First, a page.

White House lashes out at Congress after 9/11 bill vote
The White House turned to mockery as top GOP leaders expressed buyer's remorse and vowed to fix the bill.
The White House lashed out at Congress on Thursday, a day after Republicans and Democrats overwhelmingly overrode President Barack Obama's veto of a bill to allow families of the 9/11 victims to sue Saudi Arabia. The White House turned to mockery as top GOP leaders expressed buyer's remorse and vowed to fix the bill.
House Speaker Paul Ryan, R-Wis., and Senate Majority Leader Mitch McConnell both said the measure, the only law enacted over Obama's veto in his eight years as president, needed repairs. McConnell said the law may have "unintended ramifications," while Ryan said "there may be some work to be done" to make sure it doesn't lead to U.S. service members overseas being sued.
"Everybody was aware of who the potential beneficiaries were but nobody really had focused on the downside in terms of our international relationships," McConnell told reporters at a Capitol Hill news conference.
The law gives victims' families the right to sue in U.S. court for any role that elements of the Saudi government may have played in the 2001 attacks. Courts would be permitted to waive a claim of foreign sovereign immunity when an act of terrorism occurred inside U.S. borders.
Supporters said the families of 9/11 victims should be able to pursue justice against Saudi Arabia for its alleged backing of the attackers. Fifteen of the 19 Sept. 11 hijackers were Saudis. Nearly 3,000 people in New York, the Washington, D.C., area, and Pennsylvania died in the terror attacks.
The White House had long raised concerns about the law, warning that it could have a chilling effect on Saudi Arabia's cooperation with the U.S. in fighting terrorism. Senior national security officials also argued that it could trigger lawsuits from people in other countries seeking redress for injuries or deaths caused by military actions in which the U.S. may have had a role.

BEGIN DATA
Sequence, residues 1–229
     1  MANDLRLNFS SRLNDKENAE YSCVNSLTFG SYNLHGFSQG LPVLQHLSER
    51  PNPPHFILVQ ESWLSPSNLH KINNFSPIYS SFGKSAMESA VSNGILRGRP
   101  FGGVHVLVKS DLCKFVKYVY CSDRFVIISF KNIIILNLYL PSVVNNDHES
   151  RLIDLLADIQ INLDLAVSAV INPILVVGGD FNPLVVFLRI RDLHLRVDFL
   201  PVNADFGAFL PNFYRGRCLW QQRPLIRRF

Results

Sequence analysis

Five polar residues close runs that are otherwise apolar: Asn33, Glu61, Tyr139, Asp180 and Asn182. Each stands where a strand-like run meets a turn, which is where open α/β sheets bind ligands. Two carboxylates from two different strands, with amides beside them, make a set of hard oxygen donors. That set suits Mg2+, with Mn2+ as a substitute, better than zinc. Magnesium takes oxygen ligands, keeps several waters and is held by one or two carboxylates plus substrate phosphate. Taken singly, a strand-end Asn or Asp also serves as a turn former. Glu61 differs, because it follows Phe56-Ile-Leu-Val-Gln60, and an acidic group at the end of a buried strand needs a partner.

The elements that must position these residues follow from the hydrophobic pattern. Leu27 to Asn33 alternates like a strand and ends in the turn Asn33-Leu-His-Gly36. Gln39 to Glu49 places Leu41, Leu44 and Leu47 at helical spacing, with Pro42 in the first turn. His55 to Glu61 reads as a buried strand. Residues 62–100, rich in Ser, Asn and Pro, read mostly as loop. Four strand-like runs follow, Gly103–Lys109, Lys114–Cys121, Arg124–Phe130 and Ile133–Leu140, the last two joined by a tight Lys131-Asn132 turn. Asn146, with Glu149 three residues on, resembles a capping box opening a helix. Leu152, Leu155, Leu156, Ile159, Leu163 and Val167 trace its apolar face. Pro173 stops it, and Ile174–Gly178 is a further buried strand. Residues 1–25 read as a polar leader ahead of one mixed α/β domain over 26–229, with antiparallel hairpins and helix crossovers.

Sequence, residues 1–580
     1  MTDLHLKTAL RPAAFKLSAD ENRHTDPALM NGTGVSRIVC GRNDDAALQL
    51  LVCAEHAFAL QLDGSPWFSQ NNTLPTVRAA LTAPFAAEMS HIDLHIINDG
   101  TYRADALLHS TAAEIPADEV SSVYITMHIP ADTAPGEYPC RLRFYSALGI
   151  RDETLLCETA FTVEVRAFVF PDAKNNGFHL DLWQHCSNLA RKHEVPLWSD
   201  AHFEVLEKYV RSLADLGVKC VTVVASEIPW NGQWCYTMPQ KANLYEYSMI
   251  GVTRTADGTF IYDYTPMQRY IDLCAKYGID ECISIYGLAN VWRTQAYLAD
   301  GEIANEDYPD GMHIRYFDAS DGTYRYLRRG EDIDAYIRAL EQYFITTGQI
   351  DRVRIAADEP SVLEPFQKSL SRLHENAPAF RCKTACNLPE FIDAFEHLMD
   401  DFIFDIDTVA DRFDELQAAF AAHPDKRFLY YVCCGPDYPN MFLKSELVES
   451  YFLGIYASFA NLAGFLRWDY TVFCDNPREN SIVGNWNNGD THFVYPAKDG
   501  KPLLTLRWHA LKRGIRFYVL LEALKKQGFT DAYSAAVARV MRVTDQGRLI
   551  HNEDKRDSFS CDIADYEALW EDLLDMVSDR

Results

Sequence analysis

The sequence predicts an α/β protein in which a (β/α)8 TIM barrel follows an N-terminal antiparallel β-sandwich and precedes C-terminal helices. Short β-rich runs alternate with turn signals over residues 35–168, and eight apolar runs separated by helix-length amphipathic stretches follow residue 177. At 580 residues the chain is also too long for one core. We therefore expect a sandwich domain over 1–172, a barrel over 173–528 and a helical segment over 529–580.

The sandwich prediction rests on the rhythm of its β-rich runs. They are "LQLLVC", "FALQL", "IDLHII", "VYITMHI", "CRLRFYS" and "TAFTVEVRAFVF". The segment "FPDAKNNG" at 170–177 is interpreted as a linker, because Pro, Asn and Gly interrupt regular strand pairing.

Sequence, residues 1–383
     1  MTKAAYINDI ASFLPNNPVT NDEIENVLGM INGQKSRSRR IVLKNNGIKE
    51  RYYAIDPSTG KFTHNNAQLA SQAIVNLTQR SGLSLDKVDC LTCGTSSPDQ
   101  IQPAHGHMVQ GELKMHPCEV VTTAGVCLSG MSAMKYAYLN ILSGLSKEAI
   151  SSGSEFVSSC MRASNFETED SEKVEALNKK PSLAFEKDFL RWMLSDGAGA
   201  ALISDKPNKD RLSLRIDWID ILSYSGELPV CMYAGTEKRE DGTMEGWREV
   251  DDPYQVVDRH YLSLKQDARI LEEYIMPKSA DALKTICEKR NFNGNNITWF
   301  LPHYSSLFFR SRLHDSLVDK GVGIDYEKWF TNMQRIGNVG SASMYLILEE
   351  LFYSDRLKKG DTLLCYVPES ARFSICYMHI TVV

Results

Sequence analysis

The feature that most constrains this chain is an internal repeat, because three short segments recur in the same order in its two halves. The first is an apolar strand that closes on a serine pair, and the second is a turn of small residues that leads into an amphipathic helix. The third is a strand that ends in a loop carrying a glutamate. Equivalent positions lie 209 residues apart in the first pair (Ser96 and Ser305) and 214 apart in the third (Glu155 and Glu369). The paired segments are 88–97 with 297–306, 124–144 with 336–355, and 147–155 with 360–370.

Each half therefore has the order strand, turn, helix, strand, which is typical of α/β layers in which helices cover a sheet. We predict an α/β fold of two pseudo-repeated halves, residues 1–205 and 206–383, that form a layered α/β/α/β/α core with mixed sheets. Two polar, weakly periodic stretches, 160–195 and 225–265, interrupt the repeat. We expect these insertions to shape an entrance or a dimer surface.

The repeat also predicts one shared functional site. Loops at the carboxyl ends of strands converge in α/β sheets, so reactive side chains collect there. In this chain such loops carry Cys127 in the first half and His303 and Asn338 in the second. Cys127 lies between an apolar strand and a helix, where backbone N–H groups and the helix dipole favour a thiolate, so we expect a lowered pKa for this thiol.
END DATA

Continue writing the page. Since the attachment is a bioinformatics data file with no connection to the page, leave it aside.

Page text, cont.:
But top lawmakers said the White House didn't press those warnings until it was too late and the popular bill was already barreling its way through Congress. Other lawmakers acknowledged that they didn't pay much attention to the bill.
That earned McConnell and others a scathing response from the White House, which said lawmakers didn't know what they were voting for.
"What's true in elementary school is true in the United States Congress: Ignorance is not an excuse," said spokesman Josh Earnest.
With enough blame for the White House and Congress to go around, both sides engaged in finger-pointing.
Earnest said the president had publicly discussed the bill's potential negative impact in April. The Senate passed the bill by voice vote in May. The president, administration officials and other national security experts wrote letters detailing concerns in recent weeks — though many of the letters came after the House backed the bill on Sept. 9.
"I think what we've seen in the United States Congress is a pretty classic case of rapid onset buyer's remorse," Earnest said.
McConnell, R-Ky., said the White House was too slow to warn about the "potential consequences" of the measure. Both the House and Senate overwhelmingly overrode Obama's veto of the measure on Wednesday.
McConnell said he told the president recently that the 9/11 victims bill "was an example of an issue that we should have talked about much earlier."
McConnell said the dynamic involving the bill — in which it picked up unstoppable election-year momentum — was what happens when there is "failure to communicate early about the potential consequences of a piece of legislation that was obviously very popular."
Other top Republicans and Democrats such as Senate Foreign Relations Committee Chairman Bob Corker, R-Tenn., are already working on proposed fixes to the law.
"We want to make sure that the 9/11 victims and their families have their day in court. At the same time, I would like to think there may be some work to be done to protect our service members overseas from any kind of — any kind of legal ensnarements that could occur, any kind of retribution," Ryan said.
In a statement, Saudi Arabia's Ministry of Foreign Affairs said it was their "hope that wisdom will prevail and that Congress will take the necessary steps to correct this legislation in order to avoid the serious unintended consequences that may ensue."